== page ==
For the past forty years, society has become more and more suburbanized. For the past forty years, scientific observers have described and explained the problem of suburbanization. And, for the past forty years, solutions put in place to counter suburbanization have been failing. In France, a European country with relatively low density, small properties and hyper-local land-use management, conditions remain, more than ever, favorable to sprawl.
Action taken by researchers in the so-called hard sciences (physicists, climatologists, ecologists), which warn of global change (energy, climate, biodiversity), strongly resembles the “last combat”: the so-called post-carbon, livable city will either be compact or it won’t be at all. Urban sprawl – the most unacceptable version of suburbanization – should stop immediately.
Directives Do Little to Advance the Debate
While suburbanization is taking place at the global level, the dominant discourse continues to affirm the same strong opinions. The social sciences, however, have shown that the social processes in which knowledge originates find meaning only in the contradictions that they create. To go towards a solution, we first have to frame the problem. Judging by the difficulty in advancing the debate, the question of suburbanization remains poorly framed.
Even regarding sustainable development, there is still a long way to go. Will the systemic limits that constrain mobility redensify urban societies or will they lead to new solutions? Economic and societal technological innovations that allow us to move around are potentially numerous: more expensive energy but engines that consume less; more limited long-distance trips but more numerous local movements; more efficient mass transportation solutions, but even more multimodal and varied individual trips. In the end, should we redensify or reorganize density?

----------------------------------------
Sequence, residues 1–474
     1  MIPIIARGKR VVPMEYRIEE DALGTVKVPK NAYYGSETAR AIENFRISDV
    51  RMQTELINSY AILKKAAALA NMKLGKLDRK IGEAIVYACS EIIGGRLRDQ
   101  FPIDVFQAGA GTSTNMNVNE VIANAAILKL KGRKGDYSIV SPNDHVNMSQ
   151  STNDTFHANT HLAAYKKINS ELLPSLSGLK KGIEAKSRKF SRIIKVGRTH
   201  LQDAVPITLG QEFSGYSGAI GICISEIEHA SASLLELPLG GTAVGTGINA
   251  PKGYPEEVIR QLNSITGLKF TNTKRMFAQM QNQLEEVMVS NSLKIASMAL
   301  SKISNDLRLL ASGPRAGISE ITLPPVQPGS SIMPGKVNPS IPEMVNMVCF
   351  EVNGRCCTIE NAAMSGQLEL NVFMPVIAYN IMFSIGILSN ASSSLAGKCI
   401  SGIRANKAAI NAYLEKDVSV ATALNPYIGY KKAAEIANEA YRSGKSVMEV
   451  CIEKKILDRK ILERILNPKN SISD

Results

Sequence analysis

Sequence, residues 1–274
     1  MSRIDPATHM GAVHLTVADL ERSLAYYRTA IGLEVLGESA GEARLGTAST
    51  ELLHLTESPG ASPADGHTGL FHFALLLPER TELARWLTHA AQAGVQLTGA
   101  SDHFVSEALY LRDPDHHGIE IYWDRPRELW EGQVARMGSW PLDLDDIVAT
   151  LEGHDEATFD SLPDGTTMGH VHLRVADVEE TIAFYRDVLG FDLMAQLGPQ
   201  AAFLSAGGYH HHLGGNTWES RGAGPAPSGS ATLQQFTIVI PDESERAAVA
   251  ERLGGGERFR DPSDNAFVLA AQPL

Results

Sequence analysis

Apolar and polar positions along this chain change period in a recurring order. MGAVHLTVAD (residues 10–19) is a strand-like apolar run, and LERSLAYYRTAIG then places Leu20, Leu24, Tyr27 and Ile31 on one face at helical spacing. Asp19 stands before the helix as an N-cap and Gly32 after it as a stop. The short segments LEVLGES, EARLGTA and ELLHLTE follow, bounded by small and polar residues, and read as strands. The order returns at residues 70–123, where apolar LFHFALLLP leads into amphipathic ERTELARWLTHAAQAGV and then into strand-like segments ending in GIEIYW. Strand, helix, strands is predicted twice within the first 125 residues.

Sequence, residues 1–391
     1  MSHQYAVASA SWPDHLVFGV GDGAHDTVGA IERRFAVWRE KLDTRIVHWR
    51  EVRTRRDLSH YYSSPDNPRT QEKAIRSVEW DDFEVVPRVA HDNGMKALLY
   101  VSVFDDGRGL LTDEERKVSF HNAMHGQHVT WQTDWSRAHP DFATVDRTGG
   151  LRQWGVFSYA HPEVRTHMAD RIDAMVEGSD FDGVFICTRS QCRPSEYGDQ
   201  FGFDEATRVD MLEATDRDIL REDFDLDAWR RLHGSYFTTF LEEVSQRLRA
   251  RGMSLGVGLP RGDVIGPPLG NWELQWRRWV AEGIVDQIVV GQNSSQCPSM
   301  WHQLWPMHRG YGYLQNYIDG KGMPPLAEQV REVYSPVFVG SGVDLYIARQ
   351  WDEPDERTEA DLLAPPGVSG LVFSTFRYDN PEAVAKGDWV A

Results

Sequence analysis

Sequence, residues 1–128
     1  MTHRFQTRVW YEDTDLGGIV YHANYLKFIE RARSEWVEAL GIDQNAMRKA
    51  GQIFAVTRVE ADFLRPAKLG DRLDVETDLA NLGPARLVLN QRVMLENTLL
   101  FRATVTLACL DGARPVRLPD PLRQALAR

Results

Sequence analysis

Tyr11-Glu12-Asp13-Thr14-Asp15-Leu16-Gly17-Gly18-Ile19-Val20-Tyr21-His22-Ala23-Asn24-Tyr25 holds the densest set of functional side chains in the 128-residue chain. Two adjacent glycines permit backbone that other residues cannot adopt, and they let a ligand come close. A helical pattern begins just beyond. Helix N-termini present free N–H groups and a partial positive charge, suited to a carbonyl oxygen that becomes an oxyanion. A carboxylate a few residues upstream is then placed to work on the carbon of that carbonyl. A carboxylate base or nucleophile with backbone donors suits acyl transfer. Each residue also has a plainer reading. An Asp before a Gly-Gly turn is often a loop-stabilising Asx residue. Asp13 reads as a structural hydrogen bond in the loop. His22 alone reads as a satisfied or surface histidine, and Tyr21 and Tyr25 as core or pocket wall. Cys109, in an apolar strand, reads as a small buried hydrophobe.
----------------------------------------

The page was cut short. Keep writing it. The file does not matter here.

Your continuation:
The question of the relationship to natural and cultivated areas is also complex. Will global food demand warrant developing industrial agricultural areas, or will the demands of inhabitants for local produce lead them to live as close as possible to the farm? Can we entrust the forest, growing like never before in France, to save biodiversity, or should we instead count on the inhabitants as the environmentally conscious gardeners of a “third-landscape?” In the end, will we move towards a stricter separation between the built space of cities and the open spaces of agriculture, or to the contrary, toward their intentional intertwinement?
Taking Responsibility for Suburbanization and Reinvesting in its Territories
The suburbanization currently taking place in France and Europe has diverse possibilities. It is at the heart of metropolization because it is coextensive with the territory, using Yves Chalas’ expression.  Thus, isn’t there a way out of suburbanization as a problem and rather than face of a sort of “under-city” unfortunately built on the outskirts for lack of collective vigilance, go towards suburbanization as a project, which would contribute to an integrated thinking of the city and its territories